first and last row, and all others in the middle must be touching the last square.
Example: one to the left, right, diagonal left, diagonal right, or forward, never
back. Then have the group with these rules find the path. 1. No talking, 2. the
next square is touching the one you are standing in. 3. One mess up and the entire
group starts over. 4. Only three people on the grid at one time. 5. No marking
the path with anything. Then you tell them as they step yes or no if they are
on the correct square. After all finish you ask them how this relates to life,
treatment, or what ever. You should ask who went frist, who made a mistake, who
watied untill others had the path down, how did it feel when you made mistakes
exc. If you have more questions about this activity email me and I can explaine.
maynard_brenda at hotmail dot com.
Tuesday, July 02, 2002 at 16:13:13 (CDT)
I used to work in a rehab center and I was passed
down a game from someone who used to work there. It is Spin the bottle. You take
an empty mountain dew or pepsi bottle and have each person take a spin whoever
it lands on has to draw a card which is among many that have questions or scenarios
on them. Example would be, "Describe when you first realized you were addicited
to drugs." or "Lost a family member or friend because of drug use." It is a great
way to get a person to open up in a group setting and can initiate further discussions.
Tuesday, June 04, 2002 at 15:21:37 (CDT)
Wednesday, May 29, 2002 at 15:57:46 (CDT)
Monday, April 15, 2002 at 16:32:28 (CDT)
Monday, April 08, 2002 at 12:53:09 (CDT)
I work on a locked Geriatric Psych unit. My groups
are set-up by the levels of cognitive abilities. Just a couple of groups that
I find fun every time that I do them are: Ok, I'm hooked on looking at every
sales ad in th Sunday paper each week. Well, instead of throwing them away, i
throw them into my work bad and off to work they go. I give each group member
a sales ad, IE. Sears, Target and K-mart are my favorites because there is so
much of everything in each one. In advance, I write a list of things that can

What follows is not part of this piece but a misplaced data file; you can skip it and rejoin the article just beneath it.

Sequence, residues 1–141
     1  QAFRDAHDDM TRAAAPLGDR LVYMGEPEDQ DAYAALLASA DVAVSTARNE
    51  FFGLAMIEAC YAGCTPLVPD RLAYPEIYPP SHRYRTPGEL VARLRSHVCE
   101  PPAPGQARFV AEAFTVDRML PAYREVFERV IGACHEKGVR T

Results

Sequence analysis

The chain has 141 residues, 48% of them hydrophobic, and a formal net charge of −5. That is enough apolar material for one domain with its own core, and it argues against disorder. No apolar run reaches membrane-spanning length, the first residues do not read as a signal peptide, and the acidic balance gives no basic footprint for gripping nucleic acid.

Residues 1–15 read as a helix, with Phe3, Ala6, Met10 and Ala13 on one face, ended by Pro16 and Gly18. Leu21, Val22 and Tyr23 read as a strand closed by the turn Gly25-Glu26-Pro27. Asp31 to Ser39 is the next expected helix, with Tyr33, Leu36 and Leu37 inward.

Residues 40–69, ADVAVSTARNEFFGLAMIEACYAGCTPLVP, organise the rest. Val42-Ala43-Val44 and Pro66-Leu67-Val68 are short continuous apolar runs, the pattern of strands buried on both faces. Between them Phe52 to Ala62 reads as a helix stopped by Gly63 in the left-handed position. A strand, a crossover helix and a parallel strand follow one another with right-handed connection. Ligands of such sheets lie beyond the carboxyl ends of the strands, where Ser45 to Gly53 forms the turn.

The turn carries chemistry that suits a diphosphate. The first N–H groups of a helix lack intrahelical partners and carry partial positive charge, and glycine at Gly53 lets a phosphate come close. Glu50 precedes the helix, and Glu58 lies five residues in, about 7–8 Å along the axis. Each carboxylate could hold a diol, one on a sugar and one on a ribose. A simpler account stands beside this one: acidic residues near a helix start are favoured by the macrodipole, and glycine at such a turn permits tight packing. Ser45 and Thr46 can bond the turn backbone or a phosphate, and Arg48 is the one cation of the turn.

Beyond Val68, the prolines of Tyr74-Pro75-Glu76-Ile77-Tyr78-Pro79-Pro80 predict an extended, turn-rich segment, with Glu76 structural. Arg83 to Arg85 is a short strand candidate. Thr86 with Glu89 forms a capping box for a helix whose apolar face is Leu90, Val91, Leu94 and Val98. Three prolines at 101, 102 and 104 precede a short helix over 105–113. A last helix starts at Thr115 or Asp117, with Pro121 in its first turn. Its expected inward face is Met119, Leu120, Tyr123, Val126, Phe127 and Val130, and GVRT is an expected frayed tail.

be randomly found in each ad, and next to that item, I ask them to record the
price. Talk about making my patients work solidly for a good 45 minute stretch.
It works on their ability to concentrate/focus/make decisions...a very strong
cognitive skills task, so simple, but really fun, becasue face it, if I have
so much fun each and every week, to them it is like returning to that mall or
local store that maybe they have not gone to for a very long time. For the higher
clients we write short stories about "everything". I have had some that probably
could be published they were that good. Just have the group decide on the topic.
You can always use the seasons or a holiday, or go way off and write about an
object like Trains. Just be sure that each patient contributes and I write it
down just like they say. We always type it up and display it on the unit. Talk
about striking some self-esteem, especially with my severly depressed clients.
It is something about seeing your words in writing and the ownership and cooperation
it took to write. Very satisfying and fun every time. Hope you feel comfortable
and try both...
Penny from SoCal/PAbrams@chw.edu
Saturday, April 06, 2002 at 00:37:03 (CST)
I treat youths in a facility. This activity deals
with issues of trust, communication, family, and honesty. My favorite activity
is to have the youths form two teams. Each team is a "country". THe kids are
told to create there own map,major export, name of the country, what the people
are called in the country, a president, vice president, and secretary. They must
keep this information secret from the other team. Each team has a spy that they
send out to try and peep on the other teams information. After the teams work
for awhile, you individually pull each kid aside and ask them if they will give
up information about there country for a prize which will not be disclosed until
after the game is over. After all have been asked, pull the two teams aside and
let them know any information obtained. At the end of the game, the two teams
share what they have learned. As the facilitator does not say who gave the information,
the teams may begin to try to figure out who betrayed the trust of the team.
We then process and talk about how the country was like ones family, and what
made the teams keep or betray trust. We relate all this to everyones home, and
there roles at home.
Friday, February 22, 2002 at 12:11:26 (CST)
My favorite activity is a twist on a listening and